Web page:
Bill Mueller, 47, is CEO and managing partner at Valley Vision. One of four partners in the regional Next Economy initiative, Valley Vision serves as the project manager of the Capital Region’s latest economic development effort.
“Valley Vision’s mission is to provide analysis and action to improve the region’s economic posterity, social equity and environmental sustainability. The action part is what sets us apart from other like organizations.”
“We are not simply a think tank. It’s not research and analysis for the sake of research and analysis. We call ourselves an action tank, combining the best parts of research with action.”
“One of the goals of Next Economy is to increase the region’s innovation metabolism. We have an economy in which one out of every three jobs is a government job. We don’t have an entrepreneurial spirit here for a whole host of reasons. The big, hairy, audacious reason that repeatedly comes up is the lack of innovation funding. There’s an ongoing debate regarding whether there are sufficient ideas or sufficient money. Is it that we don’t have sufficient ideas to attract capital? Or is it that we don’t have sufficient capital, so the ideas leave town to find funding elsewhere? Through Next Economy, we are having that conversation with the right players, right now.”
“The region’s venture capital and seed capital ecosystem — or lack thereof — was the primary topic of discussion at our recent innovation workforce meeting. In the past, economic development conversations did not concentrate on this issue. When you look at the economic-cluster analysis, we are very underbuilt in this critical arena when compared to the Bay Area, San Diego and other competitive regions.”
“Oftentimes, an image campaign begins with the thought, ‘We need a new image.’ Then you begin what has become an endless cycle at times: What do we brand ourselves as? Are we a livable community? Do we promote agriculture? Do we say we’re world class this or that?”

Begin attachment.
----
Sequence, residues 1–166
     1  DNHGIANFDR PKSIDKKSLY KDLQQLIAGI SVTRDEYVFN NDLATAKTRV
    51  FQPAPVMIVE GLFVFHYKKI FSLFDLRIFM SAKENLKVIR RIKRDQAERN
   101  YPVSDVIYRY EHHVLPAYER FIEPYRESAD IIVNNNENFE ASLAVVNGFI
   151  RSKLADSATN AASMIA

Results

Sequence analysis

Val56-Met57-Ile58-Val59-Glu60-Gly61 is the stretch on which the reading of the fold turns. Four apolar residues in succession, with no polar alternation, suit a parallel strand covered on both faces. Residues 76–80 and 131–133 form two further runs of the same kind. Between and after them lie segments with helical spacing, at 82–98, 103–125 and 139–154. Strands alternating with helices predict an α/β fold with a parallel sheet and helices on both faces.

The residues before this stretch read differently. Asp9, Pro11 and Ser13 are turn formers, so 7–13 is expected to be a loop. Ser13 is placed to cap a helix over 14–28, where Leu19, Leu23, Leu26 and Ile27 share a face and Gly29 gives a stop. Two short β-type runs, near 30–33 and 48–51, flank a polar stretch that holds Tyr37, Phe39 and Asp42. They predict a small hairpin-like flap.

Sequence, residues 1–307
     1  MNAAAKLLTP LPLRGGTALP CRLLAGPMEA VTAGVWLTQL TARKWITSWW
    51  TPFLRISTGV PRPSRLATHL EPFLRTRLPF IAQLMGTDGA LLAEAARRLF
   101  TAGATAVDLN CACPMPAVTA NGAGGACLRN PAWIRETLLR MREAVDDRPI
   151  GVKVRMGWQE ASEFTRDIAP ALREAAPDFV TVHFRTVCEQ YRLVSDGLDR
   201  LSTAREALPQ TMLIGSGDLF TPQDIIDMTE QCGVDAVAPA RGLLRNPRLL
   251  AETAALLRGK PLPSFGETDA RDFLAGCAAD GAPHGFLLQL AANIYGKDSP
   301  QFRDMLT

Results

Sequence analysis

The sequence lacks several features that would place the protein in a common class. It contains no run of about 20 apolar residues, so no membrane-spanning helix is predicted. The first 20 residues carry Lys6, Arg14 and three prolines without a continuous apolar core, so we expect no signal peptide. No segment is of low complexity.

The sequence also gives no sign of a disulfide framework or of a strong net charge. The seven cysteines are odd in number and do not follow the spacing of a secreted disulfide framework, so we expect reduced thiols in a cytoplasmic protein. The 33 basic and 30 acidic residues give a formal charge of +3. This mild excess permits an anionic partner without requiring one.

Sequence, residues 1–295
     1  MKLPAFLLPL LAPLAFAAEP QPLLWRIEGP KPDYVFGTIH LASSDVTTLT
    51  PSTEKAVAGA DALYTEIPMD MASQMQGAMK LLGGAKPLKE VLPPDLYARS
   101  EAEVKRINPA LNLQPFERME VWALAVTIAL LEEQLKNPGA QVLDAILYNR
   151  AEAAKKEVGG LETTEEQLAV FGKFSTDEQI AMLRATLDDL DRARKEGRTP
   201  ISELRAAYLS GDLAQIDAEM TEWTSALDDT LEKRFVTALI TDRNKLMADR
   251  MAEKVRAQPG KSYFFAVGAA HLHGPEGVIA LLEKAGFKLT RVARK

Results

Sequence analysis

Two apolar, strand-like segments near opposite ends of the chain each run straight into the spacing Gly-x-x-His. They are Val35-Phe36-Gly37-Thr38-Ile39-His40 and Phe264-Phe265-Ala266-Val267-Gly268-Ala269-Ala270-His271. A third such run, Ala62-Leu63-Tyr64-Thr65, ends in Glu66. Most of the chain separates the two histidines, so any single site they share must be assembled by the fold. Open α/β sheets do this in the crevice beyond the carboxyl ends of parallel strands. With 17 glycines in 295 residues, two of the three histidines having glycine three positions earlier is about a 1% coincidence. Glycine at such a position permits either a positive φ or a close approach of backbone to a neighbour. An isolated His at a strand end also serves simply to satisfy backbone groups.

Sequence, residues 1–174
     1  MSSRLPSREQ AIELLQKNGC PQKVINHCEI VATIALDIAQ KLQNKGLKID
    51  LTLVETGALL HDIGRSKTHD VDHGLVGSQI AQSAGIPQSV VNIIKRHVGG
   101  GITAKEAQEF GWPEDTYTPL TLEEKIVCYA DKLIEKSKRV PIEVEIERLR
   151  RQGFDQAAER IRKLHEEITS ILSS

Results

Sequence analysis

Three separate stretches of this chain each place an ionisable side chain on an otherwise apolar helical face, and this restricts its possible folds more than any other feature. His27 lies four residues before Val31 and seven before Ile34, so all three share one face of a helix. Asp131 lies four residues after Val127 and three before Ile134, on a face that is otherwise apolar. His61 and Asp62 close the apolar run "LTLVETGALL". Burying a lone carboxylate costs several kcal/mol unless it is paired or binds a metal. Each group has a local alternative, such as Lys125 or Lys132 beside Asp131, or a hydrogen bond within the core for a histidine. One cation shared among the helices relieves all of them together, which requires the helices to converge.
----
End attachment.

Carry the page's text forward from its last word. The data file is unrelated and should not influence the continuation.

“We know we don’t want to be known as the pit stop, or that we are a gas tank away from all the great amenities that Northern California has to offer. I believe the Next Economy effort will empirically identify through research what we are good at, whether it’s our civic amenities or our educational and health care prowess.”
“The region suffers from a Midwestern, ‘Aw shucks, I’m not all that great’ sort of attitude. We don’t have the swagger that lots of people have talked about. Part of the theory is that we don’t know what is really amazing and incredible here. We have to figure out how to answer that question, fill that void.”
“I don’t believe we need to raise $500,000 to hire a firm to create that elusive, incredible branding campaign. What we need is for our business and political leadership to determine a specific set of talking points that differentiates us from others and describes who we are and what our unique assets are.”
“Education and workforce development is a real strength. UC Davis is a tier-one research university that is supporting the world. Sacramento State is one of the best and largest [California State University] campuses in the state. Los Rios is the fifth largest community college system in the country. With UOP and the addition of Drexel and the for-profit institutions, we have become a center of education and knowledge creation.”
“We do need to improve our talent retention effort. We have anecdotal evidence, from places like the UC Davis Health System, that highly educated 20- and 30-somethings are getting their first jobs here. But when it comes time for the move-up positions, they are having to go elsewhere.”
“We don’t currently have a talent retention strategy. That will become a critical component of our effort to pursue venture capital and seed capital for local entrepreneurs and to advance technology transfer. That is a chain of activity that is interlinked. It can’t work without a talent retention strategy. We can’t simply spin off better workers to some other region.”
The Next Economy initiative aims to accelerate job creation and new investment in the Capital Region by developing key economic areas, or “clusters,” of growth. The critical motivator to these clusters, experts say, is venture capital, a cash investment.
“We need to have a funding mechanism for launching these types of firms within a region in order for the region to be successful,” says Curt Rocca, managing partner with DCA Partners, business advisory and private equity firm.
In August of last year, it was reported that local eye-care titan VSP would be excluded from competing for individual members in the state’s health insurance exchange market because the vision plan it provides is a stand-alone program. The move lead to conversations that VSP might relocate its headquarters out of state.